Luchador of Griffin

They made a special site, CESBound.com. They befriended the VW community via some forums, where they were told that, when the bus breaks down, someone will come and help them out, no matter where they are in the country. They did all kinds of gatherings and other on-the-road relationship building on the way to the event.


This is a nice example of how the creativity of people who have a vested interest in an organization can be harnessed in completely novel ways. New technologies now allow the end users with the most passion to create the materials they need, without having to rely on outside vendors.

Using photos, videos, the web and more Griffin produced something quite novel, something that helped demonstrate their brand as well as show what a ‘fun’ company they are.

But, while these technologies allowed them to produce material cheaper and more directly, the success of this project really still depended on how they connected with other human beings. They needed to create, activate and stimulate human social networks in order for this to be a successful project.

As Chris mentions, they connected with a wide variety of people, including many who would not be at all interested in an electronics convention. They extended the reach of their social networks and produced a project that almost markets itself, with continuing connections as people find their website.

What this tells me is that Griffin listens to its innovative talent instead of ignoring their disruptive actions. This is really necessary for an organization that has to remain nimble and resilient in an industry that changes daily. Being able to leverage its own internal creativity increases the chance that Griffin will continue to be successful.

Being able to use technology to enhance social interactions is a given these days. But having the organization that successfully takes its own creativity and extends it with technology is rare. It requires a set of management tools that are not well codified in many MBA programs.

It seems to me, though, that Griffin is one of those rare companies.

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The key question

Transformation, not technology:
[Via Jon Stahl’s Journal]

It occurred to me yesterday that the real challenge we[1] face is not the question of “how do we apply technology tools to organizations?” but more “how do we help organizations & people transform themselves so that they are more able to harness the power of technology?”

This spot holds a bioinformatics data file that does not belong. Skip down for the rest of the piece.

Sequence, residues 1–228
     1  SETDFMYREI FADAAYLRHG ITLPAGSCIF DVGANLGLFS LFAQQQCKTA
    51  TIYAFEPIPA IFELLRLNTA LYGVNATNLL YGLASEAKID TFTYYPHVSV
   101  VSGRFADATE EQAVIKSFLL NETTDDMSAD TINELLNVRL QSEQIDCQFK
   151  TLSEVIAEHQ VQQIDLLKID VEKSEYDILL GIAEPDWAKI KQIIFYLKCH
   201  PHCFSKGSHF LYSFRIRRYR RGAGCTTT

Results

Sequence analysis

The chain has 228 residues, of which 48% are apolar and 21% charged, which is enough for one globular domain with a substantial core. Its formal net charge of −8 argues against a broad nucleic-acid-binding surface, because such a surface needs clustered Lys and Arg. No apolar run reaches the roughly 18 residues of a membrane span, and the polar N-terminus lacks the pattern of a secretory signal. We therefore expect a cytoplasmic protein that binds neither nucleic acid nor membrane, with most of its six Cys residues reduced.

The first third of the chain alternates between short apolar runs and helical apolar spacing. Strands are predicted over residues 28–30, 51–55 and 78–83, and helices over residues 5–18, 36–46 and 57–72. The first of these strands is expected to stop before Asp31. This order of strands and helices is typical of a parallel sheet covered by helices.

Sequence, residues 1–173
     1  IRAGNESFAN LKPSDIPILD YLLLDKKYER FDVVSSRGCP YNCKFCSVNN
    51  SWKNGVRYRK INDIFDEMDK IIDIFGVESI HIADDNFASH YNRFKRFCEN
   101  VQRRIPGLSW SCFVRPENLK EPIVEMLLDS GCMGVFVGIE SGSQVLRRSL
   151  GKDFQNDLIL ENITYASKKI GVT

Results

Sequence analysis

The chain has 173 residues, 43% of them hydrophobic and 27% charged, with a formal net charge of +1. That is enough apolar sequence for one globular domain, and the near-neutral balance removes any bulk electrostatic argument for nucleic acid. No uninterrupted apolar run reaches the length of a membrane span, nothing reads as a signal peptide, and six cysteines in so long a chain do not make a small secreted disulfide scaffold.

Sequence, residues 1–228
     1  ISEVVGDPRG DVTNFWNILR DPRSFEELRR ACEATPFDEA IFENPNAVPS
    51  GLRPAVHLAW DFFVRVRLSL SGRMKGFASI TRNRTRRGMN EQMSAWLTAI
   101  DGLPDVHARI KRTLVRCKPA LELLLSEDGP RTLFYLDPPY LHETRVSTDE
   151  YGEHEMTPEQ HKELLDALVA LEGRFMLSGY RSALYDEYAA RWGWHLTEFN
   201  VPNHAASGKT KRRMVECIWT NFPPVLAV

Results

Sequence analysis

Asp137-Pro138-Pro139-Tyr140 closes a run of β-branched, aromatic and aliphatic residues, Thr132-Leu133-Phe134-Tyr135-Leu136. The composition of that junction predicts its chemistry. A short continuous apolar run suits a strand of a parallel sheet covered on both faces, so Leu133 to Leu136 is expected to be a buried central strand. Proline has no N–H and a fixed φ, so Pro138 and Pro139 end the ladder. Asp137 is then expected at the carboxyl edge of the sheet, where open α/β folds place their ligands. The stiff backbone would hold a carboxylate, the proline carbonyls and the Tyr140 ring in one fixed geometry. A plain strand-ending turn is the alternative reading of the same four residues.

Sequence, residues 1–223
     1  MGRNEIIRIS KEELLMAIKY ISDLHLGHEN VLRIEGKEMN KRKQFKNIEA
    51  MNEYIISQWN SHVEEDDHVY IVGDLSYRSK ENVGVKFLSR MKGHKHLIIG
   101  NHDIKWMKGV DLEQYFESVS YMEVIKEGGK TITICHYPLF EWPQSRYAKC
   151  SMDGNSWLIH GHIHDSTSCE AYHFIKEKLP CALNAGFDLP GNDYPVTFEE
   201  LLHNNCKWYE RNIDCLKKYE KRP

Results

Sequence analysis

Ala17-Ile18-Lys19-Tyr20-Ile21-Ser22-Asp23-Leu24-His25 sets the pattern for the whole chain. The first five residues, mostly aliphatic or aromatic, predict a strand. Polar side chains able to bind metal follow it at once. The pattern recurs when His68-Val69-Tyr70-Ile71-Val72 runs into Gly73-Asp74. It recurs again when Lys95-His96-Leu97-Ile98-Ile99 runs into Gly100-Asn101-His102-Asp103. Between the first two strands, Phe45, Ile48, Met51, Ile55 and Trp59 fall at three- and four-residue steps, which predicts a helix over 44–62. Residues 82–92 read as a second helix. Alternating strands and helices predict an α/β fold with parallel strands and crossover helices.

[1] “we” = those of us standing astride the worlds of technology and social change.


There is really not much more to add to this. I believe this can be accomplished by helping the organizations to diffuse innovations more rapidly. The rest will follow.

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Data is useless without us

 62 153893226 C18E14A7A3 by NightRPStar
In science, data is nothing without purpose:
[Via business|bytes|genes|molecules]

In an article on TechFlash, a VC, talking about trends in 2010, had this to say while talking about increased IT needs in cleantech and biotech

Both areas are generating terabytes of data and it is no longer just about science — it is about digesting mountains of data.

For some reason that statement scared me. Digesting mountains of data is all about the science. If we forget that, we are in big trouble. Yes, from a pure technology perspective it is about digesting mountains of data, but (a) that has to be looked at in the context of science (sense-making?), and (b) the digesting is a necessary pre-requisite to getting to the science. You really don’t have much of a choice, but if you forget about the science, you will end up with noise, a whole lot of it.

My advice to all the VCs out there is simple. Yes, life science is increasingly data intensive, and to make any sense of that data, you need to look at computing as a core aspect, but never lose sight of the fact that collecting all that data has a purpose, understand our molecular machinery and figuring out how we work, and what makes us stop working properly. If we forget that, a lot of money is going to get wasted.


Data just exists. Human interaction with data provides context, transforming the data into information.

Concentrating on the data does us no good at all. Finding better ways to store it might be useful but without putting a lot of work into being able to extract the data for human purposes, it is useless.

We need better ways for humans everywhere to interact with the data so that we can deal with the inherent information created.

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Finding the innovators

201001061223by Christiиa
10 Ways to Recognize the Innovators In Your Organization:
[Via BIF Speak]

Can you recognize an innovator when you meet one? In his latest Mass High Tech column, BIF founder Saul Kaplan offers the 10 behavioral characteristics he uses to recognize an innovator. “If the game is to identify and connect the innovators, how do you identify them and ensure that they have the resources and freedom to innovate?” After years of honing his targeting and selection process, here are Saul’s first five traits:


The original article is very important to read. The 10 ways are a useful measure but it also says this: